Do you let your boss always pick up the tab at lunch? Why? It’s probably because you assume the company is paying for it or you assume your boss is making more than you so that should just be proper protocol. If you knew that the person sitting next to you at work was getting paid $30,000 more per year than you were, would you be more inclined to let them pay for more stuff? Or, would you be less sensitive to their family or personal issues when they come up at work? What’s even worse, is that people could start judging you and your payments not knowing your entire family situation. If you made $50,000 per year salary and showed up one day with a brand new Porsche, people would likely start asking you, “Can you really afford that?” Instead, if you made $250,000 per year, people would talk behind your back and say, “Hmmmm…must be nice!” Most people at work change their filter and their opinions of people based upon their income.
Con: World War III
Of course, it will be a great day when we can have pay equality at work. Most companies offer a ‘range’ of salary for every job that has a band at work. The reason is that you have to account for the real value of an employee in a job. This means their tenure, experience, skills, etc. However, if you thought you were doing a better job than the person sitting next to you in the same exact job and they were making $20,000 more per year than you were at work, you might be inclined to start a full-scale war on management. This kind of dialogue could lead to a very divisive and ill-harbored feeling workplace. I have seen this happen before many moons ago in a prior career.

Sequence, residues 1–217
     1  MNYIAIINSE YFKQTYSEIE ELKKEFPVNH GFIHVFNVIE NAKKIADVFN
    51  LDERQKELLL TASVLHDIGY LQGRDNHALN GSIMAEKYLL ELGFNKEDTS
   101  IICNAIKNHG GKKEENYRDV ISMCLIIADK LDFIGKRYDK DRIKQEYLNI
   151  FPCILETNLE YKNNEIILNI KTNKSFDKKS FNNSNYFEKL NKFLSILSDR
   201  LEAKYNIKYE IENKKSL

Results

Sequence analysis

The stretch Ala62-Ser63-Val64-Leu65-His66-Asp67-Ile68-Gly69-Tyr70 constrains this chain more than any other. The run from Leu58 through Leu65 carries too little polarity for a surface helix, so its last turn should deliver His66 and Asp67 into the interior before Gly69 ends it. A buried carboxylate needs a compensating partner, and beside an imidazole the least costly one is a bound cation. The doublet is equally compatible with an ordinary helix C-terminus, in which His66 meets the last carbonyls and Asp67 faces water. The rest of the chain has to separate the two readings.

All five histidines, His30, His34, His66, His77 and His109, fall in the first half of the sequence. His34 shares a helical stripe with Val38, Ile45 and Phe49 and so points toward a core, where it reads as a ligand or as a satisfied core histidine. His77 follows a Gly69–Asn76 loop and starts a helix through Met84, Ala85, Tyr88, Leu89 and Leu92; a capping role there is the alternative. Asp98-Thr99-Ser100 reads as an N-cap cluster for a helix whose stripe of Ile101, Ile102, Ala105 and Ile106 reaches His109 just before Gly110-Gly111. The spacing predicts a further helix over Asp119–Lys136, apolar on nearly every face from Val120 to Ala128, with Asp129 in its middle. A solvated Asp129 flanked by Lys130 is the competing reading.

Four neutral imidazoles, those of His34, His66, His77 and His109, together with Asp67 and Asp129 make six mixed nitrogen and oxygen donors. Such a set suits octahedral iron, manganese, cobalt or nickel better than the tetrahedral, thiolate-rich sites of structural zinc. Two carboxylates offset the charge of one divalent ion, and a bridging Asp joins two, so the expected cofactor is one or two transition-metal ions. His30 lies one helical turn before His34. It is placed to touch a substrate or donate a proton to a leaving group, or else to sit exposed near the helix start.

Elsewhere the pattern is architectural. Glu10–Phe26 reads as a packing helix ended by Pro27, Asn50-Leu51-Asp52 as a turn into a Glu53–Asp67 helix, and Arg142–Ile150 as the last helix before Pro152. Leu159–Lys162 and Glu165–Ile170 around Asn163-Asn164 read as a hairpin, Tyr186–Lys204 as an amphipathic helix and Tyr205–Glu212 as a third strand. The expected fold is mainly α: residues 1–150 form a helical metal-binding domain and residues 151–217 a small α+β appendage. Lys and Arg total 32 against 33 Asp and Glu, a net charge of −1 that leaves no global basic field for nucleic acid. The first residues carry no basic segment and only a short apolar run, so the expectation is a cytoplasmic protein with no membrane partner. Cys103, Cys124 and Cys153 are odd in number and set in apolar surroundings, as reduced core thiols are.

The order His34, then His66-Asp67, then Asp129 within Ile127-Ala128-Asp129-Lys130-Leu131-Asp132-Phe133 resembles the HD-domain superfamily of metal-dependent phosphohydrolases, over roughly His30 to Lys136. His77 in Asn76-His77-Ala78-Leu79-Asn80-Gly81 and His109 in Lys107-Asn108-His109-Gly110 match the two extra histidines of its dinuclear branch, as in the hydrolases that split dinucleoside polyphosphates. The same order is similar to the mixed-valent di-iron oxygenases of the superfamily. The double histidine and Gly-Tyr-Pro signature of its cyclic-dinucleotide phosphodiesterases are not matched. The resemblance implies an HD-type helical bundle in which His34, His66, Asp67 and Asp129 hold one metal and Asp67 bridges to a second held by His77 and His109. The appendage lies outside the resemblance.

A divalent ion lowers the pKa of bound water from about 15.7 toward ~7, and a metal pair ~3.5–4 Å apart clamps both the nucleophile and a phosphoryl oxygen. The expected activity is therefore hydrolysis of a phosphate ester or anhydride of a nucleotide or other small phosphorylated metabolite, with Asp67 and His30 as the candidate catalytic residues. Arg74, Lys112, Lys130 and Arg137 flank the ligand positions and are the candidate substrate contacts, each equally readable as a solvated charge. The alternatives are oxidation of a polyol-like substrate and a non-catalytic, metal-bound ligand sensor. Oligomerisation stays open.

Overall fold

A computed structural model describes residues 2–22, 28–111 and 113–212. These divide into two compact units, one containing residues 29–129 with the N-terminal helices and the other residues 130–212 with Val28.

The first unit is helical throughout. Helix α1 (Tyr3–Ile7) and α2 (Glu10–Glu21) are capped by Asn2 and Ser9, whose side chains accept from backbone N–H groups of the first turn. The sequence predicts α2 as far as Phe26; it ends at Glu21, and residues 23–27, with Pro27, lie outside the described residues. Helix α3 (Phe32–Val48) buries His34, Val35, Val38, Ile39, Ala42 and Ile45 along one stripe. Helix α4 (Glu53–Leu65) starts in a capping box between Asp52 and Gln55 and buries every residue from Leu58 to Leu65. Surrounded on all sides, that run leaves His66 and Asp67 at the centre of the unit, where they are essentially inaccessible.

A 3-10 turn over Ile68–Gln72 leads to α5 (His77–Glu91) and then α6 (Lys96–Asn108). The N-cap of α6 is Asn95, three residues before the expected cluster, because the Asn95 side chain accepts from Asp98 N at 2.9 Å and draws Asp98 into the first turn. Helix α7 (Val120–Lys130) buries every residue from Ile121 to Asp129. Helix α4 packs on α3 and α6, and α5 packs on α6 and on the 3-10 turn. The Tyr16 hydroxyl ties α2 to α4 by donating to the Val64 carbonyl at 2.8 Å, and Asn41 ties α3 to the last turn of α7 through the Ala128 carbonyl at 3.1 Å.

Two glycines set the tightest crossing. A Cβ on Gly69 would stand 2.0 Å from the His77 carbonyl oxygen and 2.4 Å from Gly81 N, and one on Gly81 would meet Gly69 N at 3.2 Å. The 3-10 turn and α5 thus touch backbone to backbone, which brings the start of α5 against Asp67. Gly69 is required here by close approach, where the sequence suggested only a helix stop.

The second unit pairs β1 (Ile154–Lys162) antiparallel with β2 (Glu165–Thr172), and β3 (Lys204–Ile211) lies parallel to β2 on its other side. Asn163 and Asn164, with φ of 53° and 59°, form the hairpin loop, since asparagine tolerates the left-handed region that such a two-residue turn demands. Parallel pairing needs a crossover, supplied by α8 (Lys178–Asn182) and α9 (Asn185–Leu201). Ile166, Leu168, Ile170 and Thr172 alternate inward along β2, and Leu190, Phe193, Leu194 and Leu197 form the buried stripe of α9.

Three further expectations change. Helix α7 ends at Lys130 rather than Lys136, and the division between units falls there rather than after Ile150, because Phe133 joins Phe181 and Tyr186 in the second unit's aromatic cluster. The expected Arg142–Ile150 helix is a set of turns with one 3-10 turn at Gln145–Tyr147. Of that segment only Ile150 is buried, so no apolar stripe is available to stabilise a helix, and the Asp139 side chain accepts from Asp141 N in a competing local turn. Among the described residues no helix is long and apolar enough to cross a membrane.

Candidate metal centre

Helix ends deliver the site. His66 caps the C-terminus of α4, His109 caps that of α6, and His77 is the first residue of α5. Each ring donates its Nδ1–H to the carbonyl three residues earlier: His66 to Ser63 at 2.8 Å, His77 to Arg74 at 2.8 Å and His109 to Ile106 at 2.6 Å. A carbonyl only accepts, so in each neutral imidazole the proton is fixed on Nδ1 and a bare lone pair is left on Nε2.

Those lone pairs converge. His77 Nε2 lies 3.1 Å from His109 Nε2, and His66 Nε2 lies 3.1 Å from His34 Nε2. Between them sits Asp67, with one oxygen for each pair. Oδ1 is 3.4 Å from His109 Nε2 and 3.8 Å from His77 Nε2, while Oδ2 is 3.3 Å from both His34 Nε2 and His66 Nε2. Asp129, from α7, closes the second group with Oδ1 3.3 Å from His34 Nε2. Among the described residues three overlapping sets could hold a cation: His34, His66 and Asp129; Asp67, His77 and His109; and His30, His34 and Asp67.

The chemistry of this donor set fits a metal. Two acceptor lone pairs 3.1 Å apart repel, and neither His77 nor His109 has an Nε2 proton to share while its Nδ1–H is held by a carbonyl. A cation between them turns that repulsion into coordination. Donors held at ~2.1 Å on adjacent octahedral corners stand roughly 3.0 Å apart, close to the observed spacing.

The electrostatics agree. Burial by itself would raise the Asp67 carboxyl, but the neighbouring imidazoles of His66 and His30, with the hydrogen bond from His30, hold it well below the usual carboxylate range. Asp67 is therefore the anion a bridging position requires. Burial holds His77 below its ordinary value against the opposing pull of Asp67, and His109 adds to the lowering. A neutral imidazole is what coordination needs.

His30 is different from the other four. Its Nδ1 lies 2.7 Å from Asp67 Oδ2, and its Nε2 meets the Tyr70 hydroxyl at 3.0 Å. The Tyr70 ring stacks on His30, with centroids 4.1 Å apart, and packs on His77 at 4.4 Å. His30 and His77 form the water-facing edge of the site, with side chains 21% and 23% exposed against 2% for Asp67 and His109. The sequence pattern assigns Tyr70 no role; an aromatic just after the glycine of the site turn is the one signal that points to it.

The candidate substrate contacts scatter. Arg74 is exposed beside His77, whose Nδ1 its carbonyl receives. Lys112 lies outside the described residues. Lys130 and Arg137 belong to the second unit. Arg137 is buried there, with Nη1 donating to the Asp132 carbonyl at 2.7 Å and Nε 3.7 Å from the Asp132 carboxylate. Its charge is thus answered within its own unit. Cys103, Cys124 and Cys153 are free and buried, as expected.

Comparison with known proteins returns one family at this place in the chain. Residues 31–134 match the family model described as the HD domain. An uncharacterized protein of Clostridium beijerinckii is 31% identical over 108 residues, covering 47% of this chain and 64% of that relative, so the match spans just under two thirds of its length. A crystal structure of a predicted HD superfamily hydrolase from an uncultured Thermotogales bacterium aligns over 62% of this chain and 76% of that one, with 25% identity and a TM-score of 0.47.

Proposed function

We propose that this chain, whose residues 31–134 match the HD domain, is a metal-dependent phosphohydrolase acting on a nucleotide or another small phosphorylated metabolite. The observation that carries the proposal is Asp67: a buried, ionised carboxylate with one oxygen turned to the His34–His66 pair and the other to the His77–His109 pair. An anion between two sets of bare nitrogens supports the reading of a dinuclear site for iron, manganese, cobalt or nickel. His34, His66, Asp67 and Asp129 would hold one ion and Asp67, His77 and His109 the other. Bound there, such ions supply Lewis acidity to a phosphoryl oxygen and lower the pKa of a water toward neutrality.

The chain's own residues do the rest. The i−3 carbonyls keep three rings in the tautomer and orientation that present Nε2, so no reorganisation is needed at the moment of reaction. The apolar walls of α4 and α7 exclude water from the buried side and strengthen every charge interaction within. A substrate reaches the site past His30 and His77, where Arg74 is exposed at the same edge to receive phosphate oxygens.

Remember, you can’t get fired for discussing your income at work. The Secrecy Act forbids that to happen. But, there is a reason many of your employer’s keep you in the dark when it comes to learning the income of your co-workers. It’s more about keeping the peace than keeping you in the dark. Most of us often feel we are overworked and underpaid, and our bosses are overpaid and underworked. But what would hurt the most is thinking you are doing a better job than the person doing the same job sitting next to you and learning they make $10,000 more per year. Sharing salaries could become a trend for the future, but be careful what you ask for…one day you might get it.
Ted Jenkin, CFP®, AAMS®, AWMA®, CRPC®, CMFC®, CRPS®
CEO and Founder oXYGen Financial, Inc.
Ted Jenkin is a frequent guest columnist for the Wall Street Journal and Headline News Weekend Express. He is the co-CEO of oXYGen Financial. You can follow him on LinkedIn @ www.linkedin.com/in/theceoadvisor or on Twitter @tedjenkin.
Securities offered through Kestra Investment Services, LLC (Kestra IS), member FINRA/SIPC. Investment advisory services offered through Kestra Advisory Services, LLC (Kestra AS), an affiliate of Kestra IS. oXYGen Financial is not affiliated with Kestra IS or Kestra AS. Kestra IS and Kestra AS do not provide tax or legal advice.
The opinions expressed in this commentary are those of the author and may not necessarily reflect those held by Kestra Investment Services, LLC or Kestra Advisory Services, LLC. This is for general information only and is not intended to provide specific investment advice or recommendations for any individual. It is suggested that you consult your financial professional, attorney, or tax advisor with regard to your individual situation.